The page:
Power utility

Like the log utility function, the power utility function for any value of the power parameter exhibits constant relative risk aversion, a property that tends to cause decisions to scale up proportionately without change as initial wealth increases. The power utility function is

\text{Utility} = aW_T^a

with positive or negative, but non-zero, parameter a < 1. With this utility function instead of the log one, the above analysis leads to the following expected utility expression to be maximized:

a \cdot W_0^a \cdot \text{E} [R_1^a \cdot R_2^a \cdots R_T^a],

where as before

R_t=w_{1t}r_{1t}+w_{2t}r_{2t}+\cdots + w_{nt}r_{nt}

for each time period t.

If there is serial independence of the asset returns—that is, if the realization of the return on any asset in any period is not related to the realization of the return on any asset in any other period—then this expected utility expression becomes

a \cdot W_0^a \cdot \text{E} R_1^a \cdot \text{E}R_2^a \cdots \text{E}R_T^a;

maximization of this expected utility expression is equivalent to separate maximization (if a>0) or minimization (if a<0) of each of the terms \text{E} R_t^a. Hence under this condition we again have intertemporal independence of portfolio decisions. Note that the log utility function, unlike the power utility function, did not require the assumption of intertemporal independence of returns to obtain intertemporal independence of portfolio decisions.

HARA utility

[2] showed that under HARA utility, optimal portfolio choice involves partial time-independence of decisions if there is a risk-free asset and there is serial independence of asset returns: to find the optimal current-period portfolio, one needs to know no future distributional information about the asset returns except the future risk-free returns.

Time-dependent decisions

As per the above, the expected utility of final wealth with a power utility function is

a \cdot W_0^a \cdot \text{E} [R_1^a \cdot R_2^a \cdots R_T^a].

If there is not serial independence of returns through time, then the expectations operator cannot be applied separately to the various multiplicative terms. Thus the optimal portfolio for any period will depend on the probability distribution of returns for the various assets contingent on their previous-period realizations, and so cannot be determined in advance.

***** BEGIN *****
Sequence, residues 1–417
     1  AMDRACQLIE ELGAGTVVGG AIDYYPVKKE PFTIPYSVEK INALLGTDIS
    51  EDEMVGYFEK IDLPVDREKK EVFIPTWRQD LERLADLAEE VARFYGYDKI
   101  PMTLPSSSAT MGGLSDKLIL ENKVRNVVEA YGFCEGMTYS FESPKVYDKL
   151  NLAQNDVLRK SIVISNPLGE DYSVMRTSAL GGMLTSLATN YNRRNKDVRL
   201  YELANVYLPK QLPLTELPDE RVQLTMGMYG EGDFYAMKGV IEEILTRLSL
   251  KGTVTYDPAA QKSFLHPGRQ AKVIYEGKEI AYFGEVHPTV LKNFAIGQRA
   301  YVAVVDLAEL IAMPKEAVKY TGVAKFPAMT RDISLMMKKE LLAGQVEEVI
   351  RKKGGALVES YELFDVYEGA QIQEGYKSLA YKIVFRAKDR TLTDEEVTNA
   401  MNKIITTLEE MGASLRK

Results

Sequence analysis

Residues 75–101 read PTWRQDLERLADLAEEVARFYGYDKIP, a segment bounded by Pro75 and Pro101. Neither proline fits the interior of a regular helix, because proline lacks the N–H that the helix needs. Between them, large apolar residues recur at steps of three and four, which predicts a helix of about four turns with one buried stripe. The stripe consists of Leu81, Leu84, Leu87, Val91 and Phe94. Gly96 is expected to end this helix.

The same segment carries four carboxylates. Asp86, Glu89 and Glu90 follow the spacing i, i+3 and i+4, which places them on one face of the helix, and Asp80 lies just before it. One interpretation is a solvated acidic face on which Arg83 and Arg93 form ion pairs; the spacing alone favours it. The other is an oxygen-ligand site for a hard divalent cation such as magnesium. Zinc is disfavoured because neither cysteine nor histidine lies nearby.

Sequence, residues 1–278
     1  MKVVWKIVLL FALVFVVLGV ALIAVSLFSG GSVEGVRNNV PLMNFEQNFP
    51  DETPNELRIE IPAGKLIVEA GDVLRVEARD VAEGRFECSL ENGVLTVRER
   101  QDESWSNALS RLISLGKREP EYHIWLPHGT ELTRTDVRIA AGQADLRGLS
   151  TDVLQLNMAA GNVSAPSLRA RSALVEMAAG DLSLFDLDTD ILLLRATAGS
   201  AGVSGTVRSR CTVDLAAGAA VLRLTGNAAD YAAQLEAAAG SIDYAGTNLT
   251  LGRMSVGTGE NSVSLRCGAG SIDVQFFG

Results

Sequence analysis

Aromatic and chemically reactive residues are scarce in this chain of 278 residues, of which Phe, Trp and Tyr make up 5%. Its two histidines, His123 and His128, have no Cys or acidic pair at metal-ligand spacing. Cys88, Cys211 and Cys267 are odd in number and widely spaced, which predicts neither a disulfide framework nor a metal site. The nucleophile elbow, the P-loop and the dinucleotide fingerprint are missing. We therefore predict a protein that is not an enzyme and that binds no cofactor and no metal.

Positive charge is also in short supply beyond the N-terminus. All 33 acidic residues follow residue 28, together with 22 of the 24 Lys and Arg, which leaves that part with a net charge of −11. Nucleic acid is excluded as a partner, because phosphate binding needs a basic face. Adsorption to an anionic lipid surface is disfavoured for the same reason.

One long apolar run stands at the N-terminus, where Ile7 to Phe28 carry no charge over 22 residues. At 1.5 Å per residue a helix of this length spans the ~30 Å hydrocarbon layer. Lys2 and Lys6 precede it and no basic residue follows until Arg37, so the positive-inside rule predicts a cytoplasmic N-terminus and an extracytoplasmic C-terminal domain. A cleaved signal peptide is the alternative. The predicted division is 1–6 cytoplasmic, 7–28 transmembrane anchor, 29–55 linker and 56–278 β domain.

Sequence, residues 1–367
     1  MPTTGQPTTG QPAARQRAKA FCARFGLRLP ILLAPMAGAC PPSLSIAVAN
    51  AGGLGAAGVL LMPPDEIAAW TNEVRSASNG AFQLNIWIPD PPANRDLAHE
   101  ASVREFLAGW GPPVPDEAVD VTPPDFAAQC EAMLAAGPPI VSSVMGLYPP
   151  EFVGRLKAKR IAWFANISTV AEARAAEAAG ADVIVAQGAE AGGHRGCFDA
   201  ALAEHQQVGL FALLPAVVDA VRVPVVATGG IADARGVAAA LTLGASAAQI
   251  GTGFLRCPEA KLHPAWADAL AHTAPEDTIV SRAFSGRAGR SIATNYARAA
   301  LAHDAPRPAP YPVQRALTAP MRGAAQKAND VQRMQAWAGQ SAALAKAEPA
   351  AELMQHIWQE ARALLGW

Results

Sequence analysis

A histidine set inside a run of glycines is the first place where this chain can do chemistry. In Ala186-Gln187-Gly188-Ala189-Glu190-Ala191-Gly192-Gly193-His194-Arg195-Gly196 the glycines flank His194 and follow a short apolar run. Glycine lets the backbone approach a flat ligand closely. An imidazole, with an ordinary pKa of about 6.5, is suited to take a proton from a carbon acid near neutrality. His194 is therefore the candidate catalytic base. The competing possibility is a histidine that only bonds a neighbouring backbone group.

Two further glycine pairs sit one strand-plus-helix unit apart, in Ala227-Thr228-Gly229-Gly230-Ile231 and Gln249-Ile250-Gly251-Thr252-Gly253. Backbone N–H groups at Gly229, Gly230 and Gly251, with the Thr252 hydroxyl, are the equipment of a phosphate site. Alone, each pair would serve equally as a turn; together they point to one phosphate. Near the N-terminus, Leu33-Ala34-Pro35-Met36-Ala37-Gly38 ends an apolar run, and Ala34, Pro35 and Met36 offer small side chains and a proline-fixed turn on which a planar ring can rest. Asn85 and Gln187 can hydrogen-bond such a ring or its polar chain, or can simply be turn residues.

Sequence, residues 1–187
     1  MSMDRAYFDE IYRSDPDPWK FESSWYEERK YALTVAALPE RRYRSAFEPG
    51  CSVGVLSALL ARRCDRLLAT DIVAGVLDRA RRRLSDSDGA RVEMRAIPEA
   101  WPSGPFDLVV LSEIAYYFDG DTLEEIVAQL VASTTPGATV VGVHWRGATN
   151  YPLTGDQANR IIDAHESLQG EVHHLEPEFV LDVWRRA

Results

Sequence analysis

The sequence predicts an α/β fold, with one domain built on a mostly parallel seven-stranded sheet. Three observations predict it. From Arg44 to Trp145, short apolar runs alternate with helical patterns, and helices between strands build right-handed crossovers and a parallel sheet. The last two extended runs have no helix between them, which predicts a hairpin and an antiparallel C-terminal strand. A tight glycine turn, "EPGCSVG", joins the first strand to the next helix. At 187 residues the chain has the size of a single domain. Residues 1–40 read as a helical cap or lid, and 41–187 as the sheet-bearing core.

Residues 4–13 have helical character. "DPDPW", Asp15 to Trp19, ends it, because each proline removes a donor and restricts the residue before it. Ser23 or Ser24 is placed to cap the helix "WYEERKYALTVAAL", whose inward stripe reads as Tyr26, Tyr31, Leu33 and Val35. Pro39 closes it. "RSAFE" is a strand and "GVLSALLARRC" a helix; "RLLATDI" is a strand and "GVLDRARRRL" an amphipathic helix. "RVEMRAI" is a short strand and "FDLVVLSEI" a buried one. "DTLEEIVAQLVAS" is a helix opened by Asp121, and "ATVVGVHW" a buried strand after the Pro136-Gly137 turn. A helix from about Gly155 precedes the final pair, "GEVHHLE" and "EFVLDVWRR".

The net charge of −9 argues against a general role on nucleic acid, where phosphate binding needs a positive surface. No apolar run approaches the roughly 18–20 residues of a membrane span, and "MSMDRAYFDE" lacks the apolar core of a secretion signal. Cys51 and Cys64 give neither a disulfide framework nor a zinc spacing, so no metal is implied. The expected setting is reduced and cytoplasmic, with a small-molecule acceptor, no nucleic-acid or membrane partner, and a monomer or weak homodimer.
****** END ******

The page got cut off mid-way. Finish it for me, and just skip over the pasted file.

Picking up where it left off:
Moreover, the optimal actions in a particular period will have to be chosen based on knowledge of how decisions will be made in future periods, because the realizations in the present period for the asset returns affect not just the portfolio outcome for the present period, but also the conditional probability distributions for future asset returns and hence future decisions.

These considerations apply to utility functions in general with the exceptions noted previously. In general the expected utility expression to be maximized is

\text{E}U(W_T) = \text{E}U(W_0R_1R_2 \cdots R_T),

where U is the utility function.

Dynamic programming

The mathematical method of dealing with this need for current decision-making to take into account future decision-making is dynamic programming. In dynamic programming, the last period decision rule, contingent on available wealth and the realizations of all previous periods' asset returns, is devised in advance; then the next-to-last period's decision rule is devised, taking into account how the results of this period will influence the final period's decisions; and so forth backward in time. This procedure becomes complex very quickly if there are more than a few time periods or more than a few assets.

Dollar cost averaging

Dollar cost averaging is gradual entry into risky assets; it is frequently advocated by investment advisors. As indicated above, it is not confirmed by models with log utility. However, it can emerge from an intertemporal mean-variance model with negative serial correlation of returns.[3]

Age effects